REUTERS | Alexander Kuznetsov

Electronic signatures and virtual signings (using the Law Society guidance following the “Mercury” Tax case) have been gaining popularity for some time with electronic execution given an added boost in Autumn 2019 when the Law Commission published its report on e-signatures.

The report’s key findings were that:

  • Deeds and documents can be signed electronically so long as the signatory intends to authenticate the document and any relevant formalities are satisfied.
  • It is possible to witness an electronic signature, but the witness must be physically present.
  • Electronic signatures are capable of satisfying a statutory requirement for a signature.

Historically in the construction industry, uptake of electronic execution has been slow. Parties have generally preferred to opt for the familiar security of a “wet ink” signature. Virtual or electronic execution methods were typically reserved for special occasions, such as when signatories were based abroad and time did not allow for hard copies to be circulated.

The COVID-19 lockdown has, of course, changed a great deal. However, certain things have not changed and one of these is that construction contracts still need to be executed. In the last month, we have seen electronic and virtual execution fast become the new normal for concluding contracts. With this in mind, I thought it might be interesting to explore some of the more common queries that we’ve been encountering. Continue reading

REUTERS | Shamil Zhumatov

In a case that might cause alarm to firms providing expert witness services, the Technology and Construction Court (TCC) issued a judgment this month finding that experts may owe a fiduciary duty to their clients preventing their firms acting for other parties in related proceedings.

In A Company v (1) X, (2) Y, (3) Z, O’Farrell J granted an injunction to prevent an expert witness from acting for a party in arbitration proceedings in circumstances where a colleague from the same global consultancy firm was already acting for the other party in separate arbitration proceedings. Continue reading

REUTERS | Amr Abdallah Dalsh

A couple of weeks ago when Matt was writing about the difficulties parties face in adjudicating because of the 2019 novel coronavirus disease (COVID-19), we were just starting week two of the coronavirus lockdown, and still getting used to working from home every day. Two weeks later, I’m sure we are all a bit more in the swing of things remote working wise, but having to juggle work and the joys of home schooling is adding an extra challenge for many.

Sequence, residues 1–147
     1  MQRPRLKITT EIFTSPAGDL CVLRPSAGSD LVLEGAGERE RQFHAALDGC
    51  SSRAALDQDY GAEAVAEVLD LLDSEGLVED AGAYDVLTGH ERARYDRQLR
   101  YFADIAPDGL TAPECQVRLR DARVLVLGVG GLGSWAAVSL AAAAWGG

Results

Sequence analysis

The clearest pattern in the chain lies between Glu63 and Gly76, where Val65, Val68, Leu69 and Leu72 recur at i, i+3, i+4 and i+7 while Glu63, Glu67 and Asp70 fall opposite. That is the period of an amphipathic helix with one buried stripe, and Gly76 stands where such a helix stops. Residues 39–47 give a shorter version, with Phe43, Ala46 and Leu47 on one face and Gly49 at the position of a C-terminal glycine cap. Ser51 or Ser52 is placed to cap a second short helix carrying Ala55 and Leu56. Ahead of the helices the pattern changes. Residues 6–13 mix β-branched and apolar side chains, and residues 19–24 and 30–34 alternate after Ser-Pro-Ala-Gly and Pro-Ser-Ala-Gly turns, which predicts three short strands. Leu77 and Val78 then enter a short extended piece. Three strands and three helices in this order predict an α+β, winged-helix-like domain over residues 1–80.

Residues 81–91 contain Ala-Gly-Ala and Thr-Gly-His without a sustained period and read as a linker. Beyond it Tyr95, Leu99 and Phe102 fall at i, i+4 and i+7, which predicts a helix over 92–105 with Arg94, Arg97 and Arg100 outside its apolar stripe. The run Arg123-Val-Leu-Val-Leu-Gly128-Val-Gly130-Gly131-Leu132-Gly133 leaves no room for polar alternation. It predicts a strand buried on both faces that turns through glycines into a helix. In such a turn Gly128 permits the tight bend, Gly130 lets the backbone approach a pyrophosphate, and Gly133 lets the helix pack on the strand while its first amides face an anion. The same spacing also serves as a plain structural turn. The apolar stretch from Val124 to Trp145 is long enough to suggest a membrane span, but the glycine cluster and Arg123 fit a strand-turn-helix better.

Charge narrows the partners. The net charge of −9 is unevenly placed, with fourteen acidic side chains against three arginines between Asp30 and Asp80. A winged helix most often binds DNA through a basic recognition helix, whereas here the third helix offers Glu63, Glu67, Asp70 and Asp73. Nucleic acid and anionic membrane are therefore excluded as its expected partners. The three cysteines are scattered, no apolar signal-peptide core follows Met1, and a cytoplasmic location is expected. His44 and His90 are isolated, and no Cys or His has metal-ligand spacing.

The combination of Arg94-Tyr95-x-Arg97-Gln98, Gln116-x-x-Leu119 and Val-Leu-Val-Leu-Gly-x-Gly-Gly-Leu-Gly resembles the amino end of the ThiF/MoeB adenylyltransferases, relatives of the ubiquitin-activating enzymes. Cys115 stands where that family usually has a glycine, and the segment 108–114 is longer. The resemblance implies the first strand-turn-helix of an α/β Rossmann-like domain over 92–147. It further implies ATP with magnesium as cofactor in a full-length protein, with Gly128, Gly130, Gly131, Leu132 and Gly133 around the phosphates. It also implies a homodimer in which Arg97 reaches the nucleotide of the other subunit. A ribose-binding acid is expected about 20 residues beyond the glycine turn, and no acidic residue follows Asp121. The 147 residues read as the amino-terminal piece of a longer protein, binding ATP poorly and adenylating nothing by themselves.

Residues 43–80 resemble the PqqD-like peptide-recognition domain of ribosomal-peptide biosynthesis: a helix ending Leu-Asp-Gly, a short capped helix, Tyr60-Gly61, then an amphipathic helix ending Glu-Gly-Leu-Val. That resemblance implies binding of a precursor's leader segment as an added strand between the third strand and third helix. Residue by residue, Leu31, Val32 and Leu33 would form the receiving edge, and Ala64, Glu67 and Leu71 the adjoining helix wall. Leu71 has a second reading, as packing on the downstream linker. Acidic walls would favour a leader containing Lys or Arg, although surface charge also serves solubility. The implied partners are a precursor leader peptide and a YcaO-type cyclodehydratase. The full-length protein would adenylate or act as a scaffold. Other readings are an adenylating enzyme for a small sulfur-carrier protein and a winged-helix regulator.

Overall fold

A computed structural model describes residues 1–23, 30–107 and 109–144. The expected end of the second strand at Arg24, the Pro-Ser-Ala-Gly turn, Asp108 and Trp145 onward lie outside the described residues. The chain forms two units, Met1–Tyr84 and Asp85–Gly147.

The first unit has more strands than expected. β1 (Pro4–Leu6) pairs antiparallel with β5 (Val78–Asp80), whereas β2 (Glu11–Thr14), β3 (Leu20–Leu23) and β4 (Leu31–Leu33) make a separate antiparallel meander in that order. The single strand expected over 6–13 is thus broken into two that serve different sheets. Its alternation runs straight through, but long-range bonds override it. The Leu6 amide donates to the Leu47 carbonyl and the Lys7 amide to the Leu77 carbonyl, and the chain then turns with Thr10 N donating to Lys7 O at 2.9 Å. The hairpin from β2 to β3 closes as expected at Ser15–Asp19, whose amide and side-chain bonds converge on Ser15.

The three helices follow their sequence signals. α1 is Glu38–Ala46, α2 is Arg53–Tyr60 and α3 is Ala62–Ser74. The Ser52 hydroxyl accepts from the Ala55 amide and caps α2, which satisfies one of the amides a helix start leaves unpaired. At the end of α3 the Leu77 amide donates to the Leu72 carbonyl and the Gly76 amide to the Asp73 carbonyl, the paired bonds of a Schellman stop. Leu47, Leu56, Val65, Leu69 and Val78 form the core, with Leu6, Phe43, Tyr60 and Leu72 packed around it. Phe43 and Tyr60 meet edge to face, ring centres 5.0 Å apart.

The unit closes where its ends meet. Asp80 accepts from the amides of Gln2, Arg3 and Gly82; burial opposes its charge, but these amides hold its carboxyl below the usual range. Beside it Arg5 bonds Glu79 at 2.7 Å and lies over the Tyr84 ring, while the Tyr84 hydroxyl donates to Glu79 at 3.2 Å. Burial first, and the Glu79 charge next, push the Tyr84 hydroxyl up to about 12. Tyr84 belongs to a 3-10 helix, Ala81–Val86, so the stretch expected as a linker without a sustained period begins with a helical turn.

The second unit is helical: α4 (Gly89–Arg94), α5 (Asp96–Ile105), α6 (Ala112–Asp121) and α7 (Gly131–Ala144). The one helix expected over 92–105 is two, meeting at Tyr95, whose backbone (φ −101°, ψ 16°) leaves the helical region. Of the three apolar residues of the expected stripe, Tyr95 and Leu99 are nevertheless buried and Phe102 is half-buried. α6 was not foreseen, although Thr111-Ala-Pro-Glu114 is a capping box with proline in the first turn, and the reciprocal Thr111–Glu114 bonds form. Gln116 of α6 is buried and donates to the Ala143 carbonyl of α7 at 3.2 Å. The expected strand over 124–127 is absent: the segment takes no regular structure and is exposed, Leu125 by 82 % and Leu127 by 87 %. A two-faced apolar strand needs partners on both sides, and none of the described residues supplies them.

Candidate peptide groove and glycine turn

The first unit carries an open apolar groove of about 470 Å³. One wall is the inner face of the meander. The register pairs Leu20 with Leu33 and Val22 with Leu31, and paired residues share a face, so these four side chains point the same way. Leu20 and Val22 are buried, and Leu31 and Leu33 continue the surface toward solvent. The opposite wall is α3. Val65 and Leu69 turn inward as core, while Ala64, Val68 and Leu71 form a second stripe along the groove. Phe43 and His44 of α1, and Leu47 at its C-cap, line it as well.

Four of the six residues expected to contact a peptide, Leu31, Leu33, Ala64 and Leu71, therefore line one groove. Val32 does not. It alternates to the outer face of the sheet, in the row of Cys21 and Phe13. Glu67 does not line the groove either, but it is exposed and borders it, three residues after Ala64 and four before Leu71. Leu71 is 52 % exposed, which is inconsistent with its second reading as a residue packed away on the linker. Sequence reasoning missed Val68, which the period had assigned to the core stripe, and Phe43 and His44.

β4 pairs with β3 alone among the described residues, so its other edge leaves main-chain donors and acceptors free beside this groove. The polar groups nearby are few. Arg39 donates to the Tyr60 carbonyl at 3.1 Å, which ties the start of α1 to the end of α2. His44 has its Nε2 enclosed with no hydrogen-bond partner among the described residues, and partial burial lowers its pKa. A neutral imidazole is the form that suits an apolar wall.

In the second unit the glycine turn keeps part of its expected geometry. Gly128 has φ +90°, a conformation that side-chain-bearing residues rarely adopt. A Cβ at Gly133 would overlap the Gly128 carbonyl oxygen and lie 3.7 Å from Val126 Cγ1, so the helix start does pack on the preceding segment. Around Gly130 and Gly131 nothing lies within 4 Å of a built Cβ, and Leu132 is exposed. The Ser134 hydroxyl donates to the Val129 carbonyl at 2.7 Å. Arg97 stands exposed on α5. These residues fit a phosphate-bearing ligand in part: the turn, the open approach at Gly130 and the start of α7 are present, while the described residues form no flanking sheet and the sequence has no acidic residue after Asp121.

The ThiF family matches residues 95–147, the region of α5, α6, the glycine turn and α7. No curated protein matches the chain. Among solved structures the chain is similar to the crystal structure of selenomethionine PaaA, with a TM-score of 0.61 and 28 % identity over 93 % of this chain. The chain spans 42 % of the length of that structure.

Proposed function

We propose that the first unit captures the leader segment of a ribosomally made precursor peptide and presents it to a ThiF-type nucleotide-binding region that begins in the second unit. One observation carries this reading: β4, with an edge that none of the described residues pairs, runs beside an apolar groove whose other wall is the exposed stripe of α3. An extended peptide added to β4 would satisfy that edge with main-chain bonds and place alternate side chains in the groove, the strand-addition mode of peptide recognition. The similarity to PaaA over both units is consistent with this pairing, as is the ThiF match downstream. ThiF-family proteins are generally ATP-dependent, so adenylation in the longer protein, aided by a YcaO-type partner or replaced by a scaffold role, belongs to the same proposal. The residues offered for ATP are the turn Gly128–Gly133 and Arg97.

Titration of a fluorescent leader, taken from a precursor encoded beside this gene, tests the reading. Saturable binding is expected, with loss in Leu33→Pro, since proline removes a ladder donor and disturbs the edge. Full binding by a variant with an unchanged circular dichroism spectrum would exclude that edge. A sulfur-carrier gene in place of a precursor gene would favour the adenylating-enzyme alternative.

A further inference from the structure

At the moment there may be no end to the lockdown in sight but there are still judgments to write about and so that is what I’m going to do. This week, I’m looking at Coulson LJ’s judgment in PBS Energo AS v Bester Generacion UK Ltd.

Continue reading

REUTERS | Gleb Garanich

Coronavirus, or COVID-19, is impacting all parts of our lives. Currently, the focus in the construction industry is rightly on the safety of workers still attending sites. No doubt, the future will see litigation on whether the coronavirus gives rise to extensions of time, force majeure, frustration or other legal rights or remedies.

At present, the main impact on the litigation of construction disputes is that, as Matt Molloy explained in his recent blog, it is being carried out “in the shadow of coronavirus“, rather than dealing substantively with what coronavirus means under a particular contract.

A search of Lawtel reveals there are already 15 High Court judgments referring to coronavirus. These include civil litigation procedural issues, such as the refusal of an application to adjourn a five-week trial in a £250 million claim in the Insolvency and Companies List of the B&PCs, due to start in June 2020. Continue reading

REUTERS | Rodrigo Garrido

It may understandably not be at the forefront of people’s minds as the industry responds and reacts to the COVID-19 pandemic, but in February 2020 the government finally published a summary of responses to its Construction Act 1996 consultation. Matt Molloy has previously blogged on the responses from an adjudication-perspective so I thought it would be interesting to have a look at the responses to some of the other questions.